INS Rules To Deport Slick Rick

The Immigration and Naturalization Services

(INS) issued a ruling last week to deport rapper Slick Rick back to his birthplace

of England. Rick’s lawyers filed a motion to stay the deportation, but the judge

has not ruled, which means the Bronx-bred rapper could be sent back at any moment.

He has been a resident of the United States Since 1976, but never became a citizen.

Today (Dec. 3), The Hip-Hop Summit Action Network and John Conyers, the head

of the Congressional Black Caucus and ranking Democrat on the Judiciary Committee,

issued a plea to stop the INS deportation proceedings and at least grant Rick

bond while the case is still being heard. Conyers has been a vocal critic of

the Justice Department’s policy of secrecy in regards to immigration hearings

since 9-11.

“Slick Rick is one of our leading hip-hop artists,” Minister Ben Muhammad, President

Of HHSN told “We in the hop hop community will not stand idle

and allow his deportation to go unchallenged.”

Slick Rick was detained by the INS six months ago after he left America, venturing

into international waters to perform aboard a cruise ship. The rapper is being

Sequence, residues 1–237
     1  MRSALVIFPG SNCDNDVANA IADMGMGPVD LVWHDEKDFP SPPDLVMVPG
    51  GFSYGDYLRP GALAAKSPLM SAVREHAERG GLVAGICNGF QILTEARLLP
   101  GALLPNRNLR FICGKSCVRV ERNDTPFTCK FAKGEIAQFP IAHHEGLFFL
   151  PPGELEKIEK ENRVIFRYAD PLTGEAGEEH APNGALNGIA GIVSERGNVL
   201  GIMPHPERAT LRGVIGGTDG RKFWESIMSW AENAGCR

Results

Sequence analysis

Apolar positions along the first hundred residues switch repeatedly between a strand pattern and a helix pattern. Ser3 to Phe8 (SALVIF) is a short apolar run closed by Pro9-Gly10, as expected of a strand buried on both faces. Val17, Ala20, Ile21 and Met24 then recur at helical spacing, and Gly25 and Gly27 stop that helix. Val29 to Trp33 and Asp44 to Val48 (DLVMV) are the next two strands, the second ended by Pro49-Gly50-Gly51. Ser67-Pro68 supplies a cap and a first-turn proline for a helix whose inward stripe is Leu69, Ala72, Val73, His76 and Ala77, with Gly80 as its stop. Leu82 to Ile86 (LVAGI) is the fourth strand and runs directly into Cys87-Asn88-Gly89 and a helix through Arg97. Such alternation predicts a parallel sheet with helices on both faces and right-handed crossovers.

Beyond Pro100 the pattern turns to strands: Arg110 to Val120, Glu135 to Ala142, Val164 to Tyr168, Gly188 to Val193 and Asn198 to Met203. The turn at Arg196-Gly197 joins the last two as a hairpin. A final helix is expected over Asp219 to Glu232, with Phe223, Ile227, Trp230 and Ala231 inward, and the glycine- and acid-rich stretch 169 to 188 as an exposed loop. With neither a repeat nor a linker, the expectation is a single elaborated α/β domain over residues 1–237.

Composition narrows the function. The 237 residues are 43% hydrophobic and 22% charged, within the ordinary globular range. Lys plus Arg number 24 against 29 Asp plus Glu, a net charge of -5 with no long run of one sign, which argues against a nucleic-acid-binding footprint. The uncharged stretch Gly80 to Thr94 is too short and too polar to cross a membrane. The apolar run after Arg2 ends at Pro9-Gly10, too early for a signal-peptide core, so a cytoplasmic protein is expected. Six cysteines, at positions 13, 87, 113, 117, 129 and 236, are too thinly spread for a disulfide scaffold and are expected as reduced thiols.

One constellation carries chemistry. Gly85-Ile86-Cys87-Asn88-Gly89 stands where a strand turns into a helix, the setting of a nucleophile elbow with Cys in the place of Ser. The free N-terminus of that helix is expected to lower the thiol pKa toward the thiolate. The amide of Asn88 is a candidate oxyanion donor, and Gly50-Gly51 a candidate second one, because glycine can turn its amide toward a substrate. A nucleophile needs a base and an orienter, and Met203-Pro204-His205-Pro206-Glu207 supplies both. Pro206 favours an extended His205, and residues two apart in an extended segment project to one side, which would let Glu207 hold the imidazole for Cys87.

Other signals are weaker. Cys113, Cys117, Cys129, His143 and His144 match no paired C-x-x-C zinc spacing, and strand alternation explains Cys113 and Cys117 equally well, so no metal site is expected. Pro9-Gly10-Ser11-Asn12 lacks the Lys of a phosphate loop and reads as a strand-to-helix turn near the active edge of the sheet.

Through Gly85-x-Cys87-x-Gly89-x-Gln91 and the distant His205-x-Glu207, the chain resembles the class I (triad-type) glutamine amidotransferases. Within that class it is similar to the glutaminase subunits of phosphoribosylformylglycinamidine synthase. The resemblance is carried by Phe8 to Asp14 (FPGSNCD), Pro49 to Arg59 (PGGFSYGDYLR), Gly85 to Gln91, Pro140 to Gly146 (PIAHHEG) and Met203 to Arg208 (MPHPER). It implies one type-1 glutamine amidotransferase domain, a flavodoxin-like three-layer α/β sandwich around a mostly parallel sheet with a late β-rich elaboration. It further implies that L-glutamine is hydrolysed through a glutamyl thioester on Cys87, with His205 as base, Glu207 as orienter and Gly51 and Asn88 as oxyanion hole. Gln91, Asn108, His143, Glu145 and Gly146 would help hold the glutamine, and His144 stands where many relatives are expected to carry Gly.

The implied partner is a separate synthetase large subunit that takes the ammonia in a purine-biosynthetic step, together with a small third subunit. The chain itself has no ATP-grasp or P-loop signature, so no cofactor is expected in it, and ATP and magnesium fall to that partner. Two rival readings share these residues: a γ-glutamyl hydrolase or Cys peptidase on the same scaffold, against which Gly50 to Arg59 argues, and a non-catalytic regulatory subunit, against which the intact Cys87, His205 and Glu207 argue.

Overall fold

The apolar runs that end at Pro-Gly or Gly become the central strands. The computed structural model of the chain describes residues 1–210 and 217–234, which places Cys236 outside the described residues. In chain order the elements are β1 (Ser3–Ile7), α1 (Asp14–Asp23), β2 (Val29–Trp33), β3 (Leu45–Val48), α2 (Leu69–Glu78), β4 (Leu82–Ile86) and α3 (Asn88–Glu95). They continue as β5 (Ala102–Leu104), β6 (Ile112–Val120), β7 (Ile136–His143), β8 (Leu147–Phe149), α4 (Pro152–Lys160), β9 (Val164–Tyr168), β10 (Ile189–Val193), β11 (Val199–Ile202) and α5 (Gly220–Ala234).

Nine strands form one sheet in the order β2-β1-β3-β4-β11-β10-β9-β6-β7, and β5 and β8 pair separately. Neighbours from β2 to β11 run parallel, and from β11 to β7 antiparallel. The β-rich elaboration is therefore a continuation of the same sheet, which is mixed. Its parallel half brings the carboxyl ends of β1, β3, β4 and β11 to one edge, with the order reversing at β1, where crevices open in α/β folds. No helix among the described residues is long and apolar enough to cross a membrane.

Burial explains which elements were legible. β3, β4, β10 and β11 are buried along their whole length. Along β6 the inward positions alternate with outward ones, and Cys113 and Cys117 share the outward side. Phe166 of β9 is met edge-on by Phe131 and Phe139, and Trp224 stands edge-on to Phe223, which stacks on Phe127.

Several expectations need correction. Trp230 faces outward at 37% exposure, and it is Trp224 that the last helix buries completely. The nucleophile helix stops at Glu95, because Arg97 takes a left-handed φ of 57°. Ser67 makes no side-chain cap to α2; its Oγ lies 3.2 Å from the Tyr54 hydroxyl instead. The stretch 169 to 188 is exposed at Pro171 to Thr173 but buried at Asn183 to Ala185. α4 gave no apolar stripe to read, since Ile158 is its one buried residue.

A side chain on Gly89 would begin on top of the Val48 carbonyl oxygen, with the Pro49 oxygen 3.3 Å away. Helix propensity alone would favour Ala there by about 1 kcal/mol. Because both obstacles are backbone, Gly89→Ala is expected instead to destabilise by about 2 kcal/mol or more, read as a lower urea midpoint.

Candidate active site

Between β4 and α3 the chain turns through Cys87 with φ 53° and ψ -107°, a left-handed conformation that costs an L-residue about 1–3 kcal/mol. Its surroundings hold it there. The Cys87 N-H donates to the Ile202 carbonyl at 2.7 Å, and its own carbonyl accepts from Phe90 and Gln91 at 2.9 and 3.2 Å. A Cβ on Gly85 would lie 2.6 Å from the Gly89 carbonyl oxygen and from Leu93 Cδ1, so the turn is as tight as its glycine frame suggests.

held in a federal prison in Bradenton, Florida.

“I feel like if this case was judged by the public, this would be an open and

shut case,” Rick told “I took the law into my own hands. I shouldn’t

have, but I served my time. Even the public as a whole has to see that this

is an injustice. Like I said, there’s other cases that’s worse than this.” Supporters

of Slick Rick maintain the rapper the rapper has preserved an extremely stable

home life with a wife and children and managed a successful recording career.

The rapper has not broken the law once since being released.

“Slick Rick has already served six months in prison, with no bond hearing,”

Minister Ben continued. “We feel that his lengthy detainment with no bond hearing

alone is a violation of his civil rights. Now he may be deported at any moment.”

Rick served 5 years and 12 days in prison. According to United States law, any

non-citizen who serves more than 5 years in prison must be deported.

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